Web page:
Before she began treatment, the patient showed beyond normal extension and flexing of her spine. After four weeks of chiropractic treatment, physical therapy, and stretching exercises, along with advice on the appropriate angle at which to use her smartphone, the patient’s flexion and extension stats improved by 20 percent and 18 percent, respectively.
What do those figures mean? Treatment not only relieved the patient’s pain and stiffness but also helped reposition her spine properly. Those measures, along with her appropriate use of her smartphone and other devices, helped the patient’s posture improve.
Toward the end of her treatment, the patient even reported that she felt more energetic and that she was no longer experiencing headaches. In one month, her forward head posture improved significantly, and she was back to her regular routines, including using her smartphone (the right way).
The less we use our smartphones, the better. But for many people, younger generations and professional especially, using a handheld device is simply unavoidable. But there are ways to minimize the potential risk to your spine and your overall health.
Keep your head straight when using your smartphone, rather than bending your neck to view the screen from above. This may require that you hold the device higher up, using your arms rather than your neck muscles.
At the same time, try to avoid an imbalance when texting or writing emails. Many people use one thumb to swipe on their touchscreen devices, which can cause the muscles of one arm to work harder than the other. When you consider the position that you’re sitting or lying in as you use your device, your thumb positioning can impact a lot more than just your hand and wrist.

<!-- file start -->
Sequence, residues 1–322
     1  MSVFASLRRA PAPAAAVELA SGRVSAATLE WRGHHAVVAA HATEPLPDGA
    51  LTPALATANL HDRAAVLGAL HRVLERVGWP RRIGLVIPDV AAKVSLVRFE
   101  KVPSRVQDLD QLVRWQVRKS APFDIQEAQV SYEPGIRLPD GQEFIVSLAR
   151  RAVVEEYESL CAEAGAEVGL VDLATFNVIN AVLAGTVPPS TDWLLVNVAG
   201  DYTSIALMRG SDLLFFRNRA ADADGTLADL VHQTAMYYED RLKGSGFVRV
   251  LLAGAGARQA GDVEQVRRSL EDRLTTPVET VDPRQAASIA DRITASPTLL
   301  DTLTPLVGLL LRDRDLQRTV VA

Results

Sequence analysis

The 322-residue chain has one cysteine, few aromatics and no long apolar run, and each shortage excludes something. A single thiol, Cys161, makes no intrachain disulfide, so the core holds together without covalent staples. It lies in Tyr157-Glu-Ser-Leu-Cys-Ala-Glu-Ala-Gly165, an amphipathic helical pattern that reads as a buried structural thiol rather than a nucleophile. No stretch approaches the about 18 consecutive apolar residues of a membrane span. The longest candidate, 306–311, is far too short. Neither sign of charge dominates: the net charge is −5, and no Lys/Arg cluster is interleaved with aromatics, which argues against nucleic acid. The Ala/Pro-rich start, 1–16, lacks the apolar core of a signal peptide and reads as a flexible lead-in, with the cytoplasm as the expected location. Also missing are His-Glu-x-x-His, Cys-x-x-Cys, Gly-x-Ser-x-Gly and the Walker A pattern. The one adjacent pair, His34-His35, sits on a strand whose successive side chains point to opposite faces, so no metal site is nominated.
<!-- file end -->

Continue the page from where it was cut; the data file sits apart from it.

Like other posture-correcting methods, remembering to maintain proper smartphone use posture is difficult. However, the ability to reduce your risk of text neck and other back pain problems warrants the inconvenience.
Other means of posture correction can also help remind you to keep your neck aligned as you text. The Text Neck Institute’s mobile app, for example, shows a green indicator on-screen when your phone is held at the right angle for viewing. You can also add a beeping notification if the phone moves out of proper alignment.
The Washington Post’s experts suggest using your eyes to view your device screen rather than tilting your head, but what if you already show signs of early text neck? Stretching may help alleviate strain even if you have dealt with incorrect posture and smartphone already.
Moving your head slowly from left to right, using your hands for resistance and stretching in all directions, and stretching inside a doorway can also help. Place your hands on the doorframe, extend your arms, and push your chest forward to strengthen muscles and help modify posture.
The Text Neck Institute’s case study also defines exercises that patients can use to recover from strain due to smartphone use. Those exercises include:
Not only is back pain an indication of spinal damage, but it can also lead to stiffness, digestive issues, and even depression. For those who love their smartphones, starting with a regimen of exercises and posture modification can preserve your tech use. With the potential for long-term effects due to bad posture, it’s worth the preventative measures to keep from damaging your body permanently.